New excavations at the HWK EE site: Archaeology, paleoenvironment and site formation processes during late Oldowan times at Olduvai Gorge, Tanzania

    Get PDF
    This paper reports the results of renewed fieldwork at the HWK EE site (Olduvai Gorge, Tanzania). HWK EE is positioned across the boundary between Lower and Middle Bed II, a crucial interval for studying the emergence of the Acheulean at Olduvai Gorge. Our excavations at HWK EE have produced one of the largest collections of fossils and artefacts from any Oldowan site, distributed across several archaeological units and a large excavation surface in four separate trenches that can be stratigraphically correlated. Here we present the main stratigraphic and archaeological units and discuss site formation processes. Results show a great density of fossils and stone tools vertically through two stratigraphic intervals (Lemuta and Lower Augitic Sandstone) and laterally across an area of around 300 m2, and highlight the confluence of biotic and abiotic agents in the formation of the assemblage. The large size and diversity of the assemblage, as well as its good preservation, qualify HWK EE as a reference site for the study of the late Oldowan at Olduvai Gorge and elsewhere in Africa. In addition, the description of the stratigraphic and archaeological sequence of HWK EE presented in this paper constitutes the foundation for further studies on hominin behavior and paleoecology in Lower and Middle Bed II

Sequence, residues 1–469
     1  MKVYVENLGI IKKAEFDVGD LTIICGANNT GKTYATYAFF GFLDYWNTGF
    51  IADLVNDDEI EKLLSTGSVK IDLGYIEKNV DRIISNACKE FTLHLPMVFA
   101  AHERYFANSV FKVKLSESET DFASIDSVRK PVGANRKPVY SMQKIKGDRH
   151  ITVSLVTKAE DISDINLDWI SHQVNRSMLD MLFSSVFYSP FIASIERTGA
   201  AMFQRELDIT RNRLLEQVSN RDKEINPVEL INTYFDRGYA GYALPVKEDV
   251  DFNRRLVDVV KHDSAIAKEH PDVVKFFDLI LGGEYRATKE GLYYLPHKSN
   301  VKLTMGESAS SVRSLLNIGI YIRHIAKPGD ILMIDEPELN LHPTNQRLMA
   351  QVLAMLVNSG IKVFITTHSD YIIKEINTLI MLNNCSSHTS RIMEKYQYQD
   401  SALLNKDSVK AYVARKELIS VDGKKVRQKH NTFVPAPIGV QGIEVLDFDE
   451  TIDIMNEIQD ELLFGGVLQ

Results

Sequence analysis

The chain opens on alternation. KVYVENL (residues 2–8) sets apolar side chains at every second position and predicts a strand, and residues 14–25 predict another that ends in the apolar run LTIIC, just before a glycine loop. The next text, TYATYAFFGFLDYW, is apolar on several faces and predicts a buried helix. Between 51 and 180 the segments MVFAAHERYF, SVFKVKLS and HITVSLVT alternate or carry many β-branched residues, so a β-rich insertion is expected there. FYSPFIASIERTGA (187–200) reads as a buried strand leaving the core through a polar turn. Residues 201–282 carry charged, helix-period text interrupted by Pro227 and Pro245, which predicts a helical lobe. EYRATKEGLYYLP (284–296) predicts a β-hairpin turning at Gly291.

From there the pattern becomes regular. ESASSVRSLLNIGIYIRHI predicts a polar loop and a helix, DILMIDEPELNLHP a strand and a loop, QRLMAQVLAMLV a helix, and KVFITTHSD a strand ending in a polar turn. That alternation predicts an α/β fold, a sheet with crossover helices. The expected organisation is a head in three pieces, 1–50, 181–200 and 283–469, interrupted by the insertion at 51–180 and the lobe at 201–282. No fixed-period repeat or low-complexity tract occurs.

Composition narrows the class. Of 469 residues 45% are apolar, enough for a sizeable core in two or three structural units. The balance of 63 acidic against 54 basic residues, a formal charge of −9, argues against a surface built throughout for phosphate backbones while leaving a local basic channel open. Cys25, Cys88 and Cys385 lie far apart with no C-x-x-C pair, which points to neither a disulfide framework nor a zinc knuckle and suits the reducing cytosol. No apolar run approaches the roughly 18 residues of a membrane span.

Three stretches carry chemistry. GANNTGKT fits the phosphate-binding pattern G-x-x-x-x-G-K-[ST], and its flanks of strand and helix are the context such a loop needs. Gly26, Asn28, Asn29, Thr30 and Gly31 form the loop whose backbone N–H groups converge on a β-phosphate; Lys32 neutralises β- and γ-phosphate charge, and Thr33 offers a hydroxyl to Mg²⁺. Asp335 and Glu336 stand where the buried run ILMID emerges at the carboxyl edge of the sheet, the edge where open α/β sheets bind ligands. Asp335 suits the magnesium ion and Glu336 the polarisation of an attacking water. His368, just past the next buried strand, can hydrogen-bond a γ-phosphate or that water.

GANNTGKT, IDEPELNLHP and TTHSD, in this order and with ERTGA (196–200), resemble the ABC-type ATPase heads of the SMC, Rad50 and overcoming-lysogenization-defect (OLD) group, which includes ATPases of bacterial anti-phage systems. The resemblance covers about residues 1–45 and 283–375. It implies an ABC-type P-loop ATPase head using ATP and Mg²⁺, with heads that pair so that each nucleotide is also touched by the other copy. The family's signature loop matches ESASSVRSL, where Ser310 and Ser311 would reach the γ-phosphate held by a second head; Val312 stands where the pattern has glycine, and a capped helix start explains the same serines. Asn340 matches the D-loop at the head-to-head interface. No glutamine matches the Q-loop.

Unexpectedly rapid evolution of mandibular shape in hominins

    Get PDF
    Members of the hominins – namely the so-called ‘australopiths’ and the species of the genus Homo – are known to possess short and deep mandibles and relatively small incisors and canines. It is commonly assumed that this suite of traits evolved in early members of the clade in response to changing environmental conditions and increased consumption of though food items. With the emergence of Homo, the functional meaning of mandible shape variation is thought to have been weakened by technological advancements and (later) by the control over fire. In contrast to this expectation, we found that mandible shape evolution in hominins is exceptionally rapid as compared to any other primate clade, and that the direction and rate of shape change (from the ape ancestor) are no different between the australopiths and Homo. We deem several factors including the loss of honing complex, canine reduction, and the acquisition of different diets may have concurred in producing such surprisingly high evolutionary rates. This study reveals the evolution of mandibular shape in hominins has strong morpho-functional and ecological significance attached